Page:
Eco School Certification
Becoming an Eco School
In 2016, ISPP decided to join the Eco-Schools programme, with the goal of earning the Green Flag. The Green Flag is awarded when the School meets a number of set criteria. Eco Schools encourages young people to engage in their environment by allowing them the opportunity to actively protect it.
From the classroom to the school campus, initiatives will spread change in the local community.
Through the Eco Schools programme, ISPP students will experience a sense of achievement at being able to have a say in the environmental management policies of our school.
The process involves identifying three themes, which at ISPP are: Waste, Energy and Global Citizenship. A school-wide action plan will focus the students’ attention towards certification and the prestige which comes with being awarded a Green Flag.
We see the Eco-Schools programme as an ideal way for the ISPP community to improve the environment in both the school campus and the local Chak Angre community, while having a life-long positive impact on the lives of young people, their families, staff and local authorities.
In 2017-2018, ISPP will be auditing its curriculum to ensure a thread of environmental education flows from Early Years focusing on the natural elements, through to the Diploma Programme’s Environmental Systems and Societies course.
Along with Learning and Community, Environment is also one of the three pillars of ISPP's Strategic Plan 2016-19. Achieving the standards for an Eco School is one of its strategic goals, and the school will also environmentally maintain its facilities to a high quality and promote environmental consciousness within the school community.
Here's how ISPP is already helping the environment
ISPP’s campus has been designed with the environment in mind. The school recycles its wastewater, using an underground Klargester wastewater treatment plant. The plant removes most impurities from sewage and greywater and the finished product is approximately 96% pure. The reclaimed water is pumped to a storage tank and from there it is used as irrigation water for the sports fields.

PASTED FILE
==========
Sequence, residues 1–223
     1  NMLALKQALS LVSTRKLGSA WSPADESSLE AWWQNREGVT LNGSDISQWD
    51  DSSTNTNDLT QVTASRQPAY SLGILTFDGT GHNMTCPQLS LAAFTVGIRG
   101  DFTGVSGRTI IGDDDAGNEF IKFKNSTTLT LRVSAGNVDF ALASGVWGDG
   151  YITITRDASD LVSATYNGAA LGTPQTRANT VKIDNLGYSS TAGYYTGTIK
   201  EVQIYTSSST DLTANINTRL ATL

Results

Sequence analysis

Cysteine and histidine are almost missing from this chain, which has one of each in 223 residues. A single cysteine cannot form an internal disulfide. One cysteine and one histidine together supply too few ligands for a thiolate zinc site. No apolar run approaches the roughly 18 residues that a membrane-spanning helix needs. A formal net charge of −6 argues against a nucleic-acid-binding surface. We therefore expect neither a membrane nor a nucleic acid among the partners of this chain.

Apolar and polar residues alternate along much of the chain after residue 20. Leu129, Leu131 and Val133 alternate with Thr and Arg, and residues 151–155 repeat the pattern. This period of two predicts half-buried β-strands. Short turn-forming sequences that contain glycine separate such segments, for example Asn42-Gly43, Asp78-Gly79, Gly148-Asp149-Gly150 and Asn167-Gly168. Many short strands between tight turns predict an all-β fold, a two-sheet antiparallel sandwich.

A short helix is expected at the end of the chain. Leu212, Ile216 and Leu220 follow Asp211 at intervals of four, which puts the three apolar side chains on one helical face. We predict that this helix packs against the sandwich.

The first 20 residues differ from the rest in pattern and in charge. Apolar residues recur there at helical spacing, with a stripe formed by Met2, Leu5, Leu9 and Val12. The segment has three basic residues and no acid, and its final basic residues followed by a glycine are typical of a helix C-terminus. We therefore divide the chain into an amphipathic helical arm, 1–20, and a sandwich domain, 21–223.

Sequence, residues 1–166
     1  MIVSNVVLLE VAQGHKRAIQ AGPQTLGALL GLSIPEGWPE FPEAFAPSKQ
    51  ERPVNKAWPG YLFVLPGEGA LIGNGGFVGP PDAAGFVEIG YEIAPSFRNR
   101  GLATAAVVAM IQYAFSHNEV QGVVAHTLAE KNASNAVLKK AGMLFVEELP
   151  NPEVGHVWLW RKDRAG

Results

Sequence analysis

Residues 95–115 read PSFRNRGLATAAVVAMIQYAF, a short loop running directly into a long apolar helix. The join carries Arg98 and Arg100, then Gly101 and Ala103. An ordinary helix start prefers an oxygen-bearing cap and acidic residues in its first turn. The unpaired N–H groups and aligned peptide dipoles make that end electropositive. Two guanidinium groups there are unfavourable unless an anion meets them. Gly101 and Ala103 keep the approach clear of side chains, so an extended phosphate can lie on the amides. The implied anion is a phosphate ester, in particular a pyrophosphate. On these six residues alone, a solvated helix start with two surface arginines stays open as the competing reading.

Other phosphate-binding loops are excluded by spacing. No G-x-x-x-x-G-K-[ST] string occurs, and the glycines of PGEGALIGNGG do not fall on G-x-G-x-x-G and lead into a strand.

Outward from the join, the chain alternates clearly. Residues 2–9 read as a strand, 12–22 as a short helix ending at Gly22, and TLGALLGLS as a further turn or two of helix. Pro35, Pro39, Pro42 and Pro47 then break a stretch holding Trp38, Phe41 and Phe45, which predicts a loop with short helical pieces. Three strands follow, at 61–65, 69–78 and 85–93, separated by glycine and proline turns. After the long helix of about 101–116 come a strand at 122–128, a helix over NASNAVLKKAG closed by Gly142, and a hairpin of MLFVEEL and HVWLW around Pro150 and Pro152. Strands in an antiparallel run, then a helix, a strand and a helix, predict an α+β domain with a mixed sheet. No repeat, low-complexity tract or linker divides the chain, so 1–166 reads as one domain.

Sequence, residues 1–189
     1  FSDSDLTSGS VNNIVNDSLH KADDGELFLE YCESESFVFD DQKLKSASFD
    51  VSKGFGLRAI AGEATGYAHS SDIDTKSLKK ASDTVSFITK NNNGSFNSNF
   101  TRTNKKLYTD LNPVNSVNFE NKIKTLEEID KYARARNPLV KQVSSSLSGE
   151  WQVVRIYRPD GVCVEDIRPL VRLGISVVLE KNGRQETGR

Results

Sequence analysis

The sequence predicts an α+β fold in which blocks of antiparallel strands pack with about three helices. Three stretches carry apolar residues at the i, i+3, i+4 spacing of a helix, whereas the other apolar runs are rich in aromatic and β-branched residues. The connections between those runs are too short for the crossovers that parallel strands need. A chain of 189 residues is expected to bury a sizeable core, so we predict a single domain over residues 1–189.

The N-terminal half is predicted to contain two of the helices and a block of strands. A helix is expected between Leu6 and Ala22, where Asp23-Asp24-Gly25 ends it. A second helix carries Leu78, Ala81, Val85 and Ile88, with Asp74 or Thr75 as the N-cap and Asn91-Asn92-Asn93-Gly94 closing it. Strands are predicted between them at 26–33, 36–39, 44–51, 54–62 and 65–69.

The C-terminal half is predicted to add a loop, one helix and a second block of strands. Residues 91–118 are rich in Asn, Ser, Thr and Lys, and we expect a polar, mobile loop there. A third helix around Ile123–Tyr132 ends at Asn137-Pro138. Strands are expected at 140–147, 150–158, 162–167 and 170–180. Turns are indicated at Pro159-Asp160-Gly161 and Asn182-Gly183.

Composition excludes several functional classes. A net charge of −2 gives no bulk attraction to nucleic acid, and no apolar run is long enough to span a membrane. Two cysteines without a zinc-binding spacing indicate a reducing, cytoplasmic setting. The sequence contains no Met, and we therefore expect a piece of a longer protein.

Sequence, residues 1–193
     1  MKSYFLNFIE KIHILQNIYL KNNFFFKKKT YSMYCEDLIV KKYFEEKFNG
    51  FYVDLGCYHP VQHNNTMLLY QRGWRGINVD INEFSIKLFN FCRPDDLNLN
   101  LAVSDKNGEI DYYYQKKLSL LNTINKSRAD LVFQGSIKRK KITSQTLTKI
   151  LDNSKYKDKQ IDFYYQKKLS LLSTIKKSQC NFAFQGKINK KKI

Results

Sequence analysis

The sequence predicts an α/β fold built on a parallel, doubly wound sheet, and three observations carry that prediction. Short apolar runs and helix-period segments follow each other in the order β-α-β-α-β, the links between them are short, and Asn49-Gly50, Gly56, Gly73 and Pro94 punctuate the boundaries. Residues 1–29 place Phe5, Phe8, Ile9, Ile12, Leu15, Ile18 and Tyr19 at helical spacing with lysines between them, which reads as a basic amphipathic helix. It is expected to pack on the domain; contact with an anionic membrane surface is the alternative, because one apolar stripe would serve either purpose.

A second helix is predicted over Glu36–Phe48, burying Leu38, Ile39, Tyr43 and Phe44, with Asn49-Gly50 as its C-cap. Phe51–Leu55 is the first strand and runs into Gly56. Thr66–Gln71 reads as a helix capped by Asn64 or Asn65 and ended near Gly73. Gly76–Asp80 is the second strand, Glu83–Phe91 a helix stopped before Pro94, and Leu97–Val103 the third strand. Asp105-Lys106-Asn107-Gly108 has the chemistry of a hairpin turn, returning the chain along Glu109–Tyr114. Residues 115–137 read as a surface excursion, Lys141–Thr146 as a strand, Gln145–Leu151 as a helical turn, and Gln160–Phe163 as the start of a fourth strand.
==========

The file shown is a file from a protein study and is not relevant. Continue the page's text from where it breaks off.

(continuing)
To reduce its carbon footprint and the dependency upon traditional power stations, ISPP introduced a 200kW solar power generating system in 2016. As well as being beneficial to the environment and reducing greenhouse gases, we have seen our monthly energy costs reduce significantly. We expect that the system will have paid for itself in just over 6 years. The lifespan of photovoltaic cells is between 20 - 25 years, so ISPP can devote more of its resources to worthy causes.
The school is considering increasing the solar generating system by a further 800kW so that we will have 1mW of capacity. This will have a greater impact upon reducing our carbon footprint as well as producing cost savings.
ISPP’s students are actively involved in recycling - they take food waste from the cafeteria and add it to the school’s three compost bins. After the food waste has degraded sufficiently, the compost is used as natural fertilizer for the range of trees and flowers spread around the campus.
To complement the Butterfly Garden, where students can observe the life cycle of butterflies at close quarters, students have requested that ISPP install beehives. Bees are some of nature’s hardest workers and their role in our environment cannot be underestimated due to the important part that they play in pollinating flowers, trees and plants. ISPP is presently exploring this idea further.
A further student-led initiative aims reduce reliance on paper towels in bathrooms. Instead they would be replaced with electrically-powered hand dryers. This will reduce waste and, even with increased electricity use, it is still more environmentally friendly to use low power hand driers. ISPP will install suitable hand dryers in bathrooms within the next few months.